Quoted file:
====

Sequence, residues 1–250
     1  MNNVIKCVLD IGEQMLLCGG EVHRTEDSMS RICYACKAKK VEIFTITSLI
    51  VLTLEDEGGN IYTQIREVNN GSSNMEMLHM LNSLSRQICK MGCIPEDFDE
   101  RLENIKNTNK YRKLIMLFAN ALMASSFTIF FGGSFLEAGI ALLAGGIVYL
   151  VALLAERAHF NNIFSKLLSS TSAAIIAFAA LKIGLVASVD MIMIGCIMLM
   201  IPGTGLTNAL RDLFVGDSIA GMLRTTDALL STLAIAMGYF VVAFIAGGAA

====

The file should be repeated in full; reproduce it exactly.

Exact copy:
Sequence, residues 1–250
     1  MNNVIKCVLD IGEQMLLCGG EVHRTEDSMS RICYACKAKK VEIFTITSLI
    51  VLTLEDEGGN IYTQIREVNN GSSNMEMLHM LNSLSRQICK MGCIPEDFDE
   101  RLENIKNTNK YRKLIMLFAN ALMASSFTIF FGGSFLEAGI ALLAGGIVYL
   151  VALLAERAHF NNIFSKLLSS TSAAIIAFAA LKIGLVASVD MIMIGCIMLM
   201  IPGTGLTNAL RDLFVGDSIA GMLRTTDALL STLAIAMGYF VVAFIAGGAA